Predictive forensics is a mode of investigation concerned with evidence of an event that has not yet taken place. The trace is still in the future and the future is the product of computational models.
Predictive forensics is employed in the context of two seemingly unrelated fields: environmental science, which employs sophisticated models to map the risks associated with planetary-scale climate change, and security analysis, concerned with predicting the risks encountered in the “global war on terror.”
A climate model is a mathematical construction conceived to predict probable future scenarios based on past data, but it is also an image, a visual representation in a time-based cartography drawn on various scales. While a photograph documents events in the past, the model produces image representations of possible futures; however, in an analogous manner to a photograph, the model has a resolution, created by the distribution of climate data sensors placed across the surface of the Earth, in oceans, and in the different layers of the atmosphere. Because the sensors are not evenly spaced apart, the model has variable resolutions across its extent.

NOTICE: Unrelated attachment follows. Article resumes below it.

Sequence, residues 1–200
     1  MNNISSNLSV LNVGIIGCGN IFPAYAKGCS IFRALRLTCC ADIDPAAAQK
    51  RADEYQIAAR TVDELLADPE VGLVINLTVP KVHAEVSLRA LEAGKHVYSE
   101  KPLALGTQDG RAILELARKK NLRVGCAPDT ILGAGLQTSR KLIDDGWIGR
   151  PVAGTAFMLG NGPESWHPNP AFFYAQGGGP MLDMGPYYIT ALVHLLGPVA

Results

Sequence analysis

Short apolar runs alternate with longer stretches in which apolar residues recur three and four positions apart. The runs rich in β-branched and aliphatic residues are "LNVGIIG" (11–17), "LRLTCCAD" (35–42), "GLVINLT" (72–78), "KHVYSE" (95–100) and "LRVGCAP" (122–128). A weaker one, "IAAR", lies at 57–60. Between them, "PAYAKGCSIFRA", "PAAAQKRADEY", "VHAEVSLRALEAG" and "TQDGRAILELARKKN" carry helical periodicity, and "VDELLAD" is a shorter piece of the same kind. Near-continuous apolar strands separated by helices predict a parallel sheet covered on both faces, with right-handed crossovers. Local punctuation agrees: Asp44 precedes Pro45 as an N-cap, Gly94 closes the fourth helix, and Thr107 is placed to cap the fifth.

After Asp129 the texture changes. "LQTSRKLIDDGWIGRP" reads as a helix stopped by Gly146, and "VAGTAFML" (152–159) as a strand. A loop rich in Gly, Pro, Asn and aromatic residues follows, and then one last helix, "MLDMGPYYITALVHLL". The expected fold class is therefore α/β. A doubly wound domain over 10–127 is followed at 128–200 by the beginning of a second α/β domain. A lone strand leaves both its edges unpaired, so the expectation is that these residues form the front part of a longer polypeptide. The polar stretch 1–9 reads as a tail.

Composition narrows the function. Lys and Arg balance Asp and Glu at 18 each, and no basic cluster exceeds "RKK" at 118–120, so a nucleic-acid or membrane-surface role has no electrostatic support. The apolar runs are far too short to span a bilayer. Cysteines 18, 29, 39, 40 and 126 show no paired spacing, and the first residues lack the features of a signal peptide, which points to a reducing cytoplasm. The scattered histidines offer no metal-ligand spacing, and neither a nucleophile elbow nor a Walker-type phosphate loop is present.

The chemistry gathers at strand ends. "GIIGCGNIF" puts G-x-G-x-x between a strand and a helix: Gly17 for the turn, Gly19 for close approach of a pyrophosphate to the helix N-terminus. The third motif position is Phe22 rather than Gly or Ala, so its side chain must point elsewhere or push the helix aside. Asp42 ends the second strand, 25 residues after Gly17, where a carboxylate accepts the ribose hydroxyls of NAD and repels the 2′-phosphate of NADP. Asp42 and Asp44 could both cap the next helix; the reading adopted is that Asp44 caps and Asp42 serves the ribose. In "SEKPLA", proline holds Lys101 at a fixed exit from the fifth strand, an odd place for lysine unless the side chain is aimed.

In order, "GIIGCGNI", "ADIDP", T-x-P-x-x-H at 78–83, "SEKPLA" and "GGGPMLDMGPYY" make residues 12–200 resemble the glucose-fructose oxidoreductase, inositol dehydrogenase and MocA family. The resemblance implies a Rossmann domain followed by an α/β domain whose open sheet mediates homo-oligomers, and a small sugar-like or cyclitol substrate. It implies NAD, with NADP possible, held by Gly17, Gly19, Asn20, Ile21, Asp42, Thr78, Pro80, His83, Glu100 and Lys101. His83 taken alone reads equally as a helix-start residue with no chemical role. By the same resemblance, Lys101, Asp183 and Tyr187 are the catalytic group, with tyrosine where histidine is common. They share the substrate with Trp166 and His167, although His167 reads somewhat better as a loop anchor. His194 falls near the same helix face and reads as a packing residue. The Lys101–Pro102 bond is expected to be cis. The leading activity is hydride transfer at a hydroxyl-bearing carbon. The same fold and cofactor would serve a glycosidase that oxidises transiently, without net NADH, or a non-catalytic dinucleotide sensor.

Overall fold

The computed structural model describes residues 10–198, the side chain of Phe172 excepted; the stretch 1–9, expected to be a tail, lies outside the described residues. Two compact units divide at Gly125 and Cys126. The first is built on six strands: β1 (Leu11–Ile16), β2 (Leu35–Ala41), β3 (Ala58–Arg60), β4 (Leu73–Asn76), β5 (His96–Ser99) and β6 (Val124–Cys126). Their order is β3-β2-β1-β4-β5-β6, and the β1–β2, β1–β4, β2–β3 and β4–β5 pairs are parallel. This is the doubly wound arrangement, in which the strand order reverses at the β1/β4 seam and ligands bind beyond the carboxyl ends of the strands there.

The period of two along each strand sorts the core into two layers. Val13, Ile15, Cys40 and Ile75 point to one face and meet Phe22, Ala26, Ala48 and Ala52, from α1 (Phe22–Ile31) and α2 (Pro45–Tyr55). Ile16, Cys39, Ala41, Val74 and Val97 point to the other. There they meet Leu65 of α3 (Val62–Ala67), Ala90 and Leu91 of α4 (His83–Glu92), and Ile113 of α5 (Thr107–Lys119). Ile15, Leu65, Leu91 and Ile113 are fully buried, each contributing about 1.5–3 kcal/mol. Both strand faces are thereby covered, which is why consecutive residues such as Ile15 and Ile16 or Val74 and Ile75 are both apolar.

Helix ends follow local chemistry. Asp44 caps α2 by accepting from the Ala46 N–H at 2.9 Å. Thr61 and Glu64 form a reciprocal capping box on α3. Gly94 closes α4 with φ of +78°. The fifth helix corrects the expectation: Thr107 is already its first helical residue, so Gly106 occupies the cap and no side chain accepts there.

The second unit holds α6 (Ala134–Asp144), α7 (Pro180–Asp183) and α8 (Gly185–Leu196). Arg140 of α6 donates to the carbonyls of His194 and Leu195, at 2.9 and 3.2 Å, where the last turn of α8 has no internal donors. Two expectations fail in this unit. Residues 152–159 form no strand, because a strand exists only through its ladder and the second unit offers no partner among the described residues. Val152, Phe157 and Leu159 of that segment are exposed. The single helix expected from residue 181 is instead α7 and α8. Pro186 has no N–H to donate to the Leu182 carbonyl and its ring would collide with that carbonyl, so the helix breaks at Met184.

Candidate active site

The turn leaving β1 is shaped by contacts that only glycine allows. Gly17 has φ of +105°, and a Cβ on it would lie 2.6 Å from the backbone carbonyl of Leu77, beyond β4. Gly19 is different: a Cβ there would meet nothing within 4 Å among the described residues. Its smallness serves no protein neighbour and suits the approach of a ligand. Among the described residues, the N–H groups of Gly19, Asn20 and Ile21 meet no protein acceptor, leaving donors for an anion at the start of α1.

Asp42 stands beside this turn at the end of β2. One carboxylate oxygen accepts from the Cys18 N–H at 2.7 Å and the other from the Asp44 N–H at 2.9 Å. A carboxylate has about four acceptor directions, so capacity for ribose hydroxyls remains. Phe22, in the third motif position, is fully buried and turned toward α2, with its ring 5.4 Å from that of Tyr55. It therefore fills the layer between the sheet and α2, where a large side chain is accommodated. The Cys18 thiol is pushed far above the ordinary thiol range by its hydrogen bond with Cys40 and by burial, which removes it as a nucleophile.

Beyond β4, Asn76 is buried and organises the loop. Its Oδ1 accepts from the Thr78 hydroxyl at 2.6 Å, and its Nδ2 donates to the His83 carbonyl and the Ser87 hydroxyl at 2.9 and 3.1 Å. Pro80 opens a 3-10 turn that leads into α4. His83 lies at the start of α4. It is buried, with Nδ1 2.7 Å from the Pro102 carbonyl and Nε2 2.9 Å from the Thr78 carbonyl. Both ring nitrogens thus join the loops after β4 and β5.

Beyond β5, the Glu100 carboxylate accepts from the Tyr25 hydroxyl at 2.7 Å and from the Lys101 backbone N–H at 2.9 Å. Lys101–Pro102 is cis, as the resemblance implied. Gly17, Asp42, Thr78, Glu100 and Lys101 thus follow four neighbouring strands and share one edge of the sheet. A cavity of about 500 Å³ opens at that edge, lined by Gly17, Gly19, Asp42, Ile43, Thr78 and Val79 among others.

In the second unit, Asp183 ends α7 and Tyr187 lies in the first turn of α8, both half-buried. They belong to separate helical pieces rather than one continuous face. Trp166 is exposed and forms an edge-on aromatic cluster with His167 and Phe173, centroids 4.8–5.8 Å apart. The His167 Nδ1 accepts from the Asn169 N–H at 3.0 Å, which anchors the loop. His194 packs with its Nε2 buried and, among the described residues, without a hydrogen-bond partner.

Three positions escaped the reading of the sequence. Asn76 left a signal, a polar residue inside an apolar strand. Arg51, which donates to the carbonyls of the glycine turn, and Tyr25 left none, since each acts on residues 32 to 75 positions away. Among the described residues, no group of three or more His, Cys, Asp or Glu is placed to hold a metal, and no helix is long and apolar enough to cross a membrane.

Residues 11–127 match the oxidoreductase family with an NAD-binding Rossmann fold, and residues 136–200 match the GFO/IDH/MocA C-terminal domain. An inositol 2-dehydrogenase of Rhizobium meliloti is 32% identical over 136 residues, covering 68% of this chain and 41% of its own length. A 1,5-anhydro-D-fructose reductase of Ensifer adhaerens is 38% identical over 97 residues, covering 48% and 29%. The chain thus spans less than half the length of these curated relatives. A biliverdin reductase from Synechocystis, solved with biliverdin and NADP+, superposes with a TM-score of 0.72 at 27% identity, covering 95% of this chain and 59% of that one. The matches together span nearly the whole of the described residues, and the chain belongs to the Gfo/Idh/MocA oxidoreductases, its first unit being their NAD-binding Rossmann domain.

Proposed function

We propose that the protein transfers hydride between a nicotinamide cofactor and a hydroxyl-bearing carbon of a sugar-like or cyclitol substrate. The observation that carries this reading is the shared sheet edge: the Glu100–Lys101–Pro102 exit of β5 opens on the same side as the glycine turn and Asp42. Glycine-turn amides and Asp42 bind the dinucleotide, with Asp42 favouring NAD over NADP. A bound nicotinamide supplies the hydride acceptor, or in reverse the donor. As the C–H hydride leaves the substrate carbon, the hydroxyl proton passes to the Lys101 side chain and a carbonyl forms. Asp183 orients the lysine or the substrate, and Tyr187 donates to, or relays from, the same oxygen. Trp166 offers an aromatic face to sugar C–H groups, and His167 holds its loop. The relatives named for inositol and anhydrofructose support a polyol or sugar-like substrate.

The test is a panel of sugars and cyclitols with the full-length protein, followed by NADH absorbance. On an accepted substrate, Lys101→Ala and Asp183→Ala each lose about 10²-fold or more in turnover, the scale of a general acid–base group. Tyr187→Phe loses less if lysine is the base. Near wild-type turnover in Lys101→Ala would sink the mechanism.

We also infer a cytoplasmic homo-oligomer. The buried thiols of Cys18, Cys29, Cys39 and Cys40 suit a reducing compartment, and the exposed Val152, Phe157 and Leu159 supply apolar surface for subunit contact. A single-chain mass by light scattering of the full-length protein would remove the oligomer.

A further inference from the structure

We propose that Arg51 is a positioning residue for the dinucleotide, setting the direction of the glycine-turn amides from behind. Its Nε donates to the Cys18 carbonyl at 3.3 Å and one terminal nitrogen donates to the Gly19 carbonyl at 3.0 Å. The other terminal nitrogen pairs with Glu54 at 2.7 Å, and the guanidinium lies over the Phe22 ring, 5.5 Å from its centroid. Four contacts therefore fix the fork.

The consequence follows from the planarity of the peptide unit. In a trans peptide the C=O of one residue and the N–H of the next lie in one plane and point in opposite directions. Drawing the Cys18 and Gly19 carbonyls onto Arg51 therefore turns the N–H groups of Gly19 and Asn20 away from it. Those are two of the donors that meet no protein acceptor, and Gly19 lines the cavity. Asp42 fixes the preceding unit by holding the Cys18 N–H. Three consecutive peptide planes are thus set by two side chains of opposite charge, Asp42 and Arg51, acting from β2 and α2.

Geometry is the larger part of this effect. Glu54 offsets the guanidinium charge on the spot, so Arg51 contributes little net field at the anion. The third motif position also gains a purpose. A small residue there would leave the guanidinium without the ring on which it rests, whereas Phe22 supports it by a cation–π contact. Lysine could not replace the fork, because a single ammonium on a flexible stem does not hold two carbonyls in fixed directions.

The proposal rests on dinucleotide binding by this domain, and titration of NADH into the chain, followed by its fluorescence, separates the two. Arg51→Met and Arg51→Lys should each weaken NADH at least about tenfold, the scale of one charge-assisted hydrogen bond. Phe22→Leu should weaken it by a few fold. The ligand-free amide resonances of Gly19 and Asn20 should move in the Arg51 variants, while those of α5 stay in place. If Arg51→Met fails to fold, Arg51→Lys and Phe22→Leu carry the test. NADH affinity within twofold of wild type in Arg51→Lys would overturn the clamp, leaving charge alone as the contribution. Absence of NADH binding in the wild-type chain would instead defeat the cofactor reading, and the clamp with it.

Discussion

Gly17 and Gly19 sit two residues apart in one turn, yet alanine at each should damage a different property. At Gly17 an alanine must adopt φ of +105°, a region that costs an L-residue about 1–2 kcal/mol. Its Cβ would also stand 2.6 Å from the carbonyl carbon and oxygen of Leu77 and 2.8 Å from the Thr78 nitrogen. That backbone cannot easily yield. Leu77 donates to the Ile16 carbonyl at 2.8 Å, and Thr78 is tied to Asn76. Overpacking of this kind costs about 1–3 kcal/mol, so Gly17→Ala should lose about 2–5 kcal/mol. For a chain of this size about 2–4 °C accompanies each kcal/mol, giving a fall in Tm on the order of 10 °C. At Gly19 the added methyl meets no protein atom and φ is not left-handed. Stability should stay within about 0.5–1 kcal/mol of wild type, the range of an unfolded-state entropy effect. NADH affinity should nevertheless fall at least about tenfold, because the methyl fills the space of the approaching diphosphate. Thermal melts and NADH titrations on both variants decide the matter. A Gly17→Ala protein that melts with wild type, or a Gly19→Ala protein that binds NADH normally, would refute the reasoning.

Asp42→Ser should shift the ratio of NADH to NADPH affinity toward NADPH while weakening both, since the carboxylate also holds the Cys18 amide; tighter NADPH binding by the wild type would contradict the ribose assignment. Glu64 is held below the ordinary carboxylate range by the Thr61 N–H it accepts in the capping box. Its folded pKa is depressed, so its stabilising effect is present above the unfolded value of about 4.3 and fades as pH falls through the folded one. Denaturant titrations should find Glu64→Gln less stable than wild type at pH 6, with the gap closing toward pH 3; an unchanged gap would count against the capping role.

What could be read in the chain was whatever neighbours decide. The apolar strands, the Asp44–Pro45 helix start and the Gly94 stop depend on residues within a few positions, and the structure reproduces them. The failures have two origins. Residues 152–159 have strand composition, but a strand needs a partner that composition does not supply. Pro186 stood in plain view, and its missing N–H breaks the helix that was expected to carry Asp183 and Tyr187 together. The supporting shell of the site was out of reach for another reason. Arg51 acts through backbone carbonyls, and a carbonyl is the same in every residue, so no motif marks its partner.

The Problem with Holes
The hole in the ozone layer generated by CFC emissions was discovered and negated in close succession in the second half of the 1980s. “Climate change skeptics” claimed that the sequence of operations that had “con- firmed” its existence—involving sensing, processing, and modeling—was prone to error and manipulation and the image created was but one possible scenario amongst others.
Representing ozone levels only during spring in the southern hemisphere was the only way of illustrating the steady decrease in the ozone levels in a stratospheric area as large as north America. But this seasonal phenomenon need not necessarily have been described as a “hole.” The hole was constructed both as a concept and as an image in order to call for action. It was, as Seth Denizen describes it, “a masterstroke of forensic aesthetics.” Meteorologist Jonathan Shanklin, who in 1985 codiscovered the seasonal thinning in the ozone layer over Antarctica, was aware of the power of the “hole” metaphor, commenting: “[T]hat was a really good thing to call it because an ozone hole must be bad. Almost automatically, it meant that people wanted something to be done about it. The hole had to be filled in.”
One of the prevalent modes of contemporary security management involves “pre-emptive targeted assassinations”—most often by missiles fired from drones. In these operations people are killed not for crimes they have committed in the past but rather for the attacks they will have committed in the future.
What trace does violence that has not yet happened leave in advance? The “futurology” of contemporary warfare looks for such traces in the analysis of patterns of behavior and movement in space. These are calculations not unlike the technical analysis of stock prices, which attempts to predict the future on the basis of past behavior. The contemporary battlefield has thus become a field of calculations.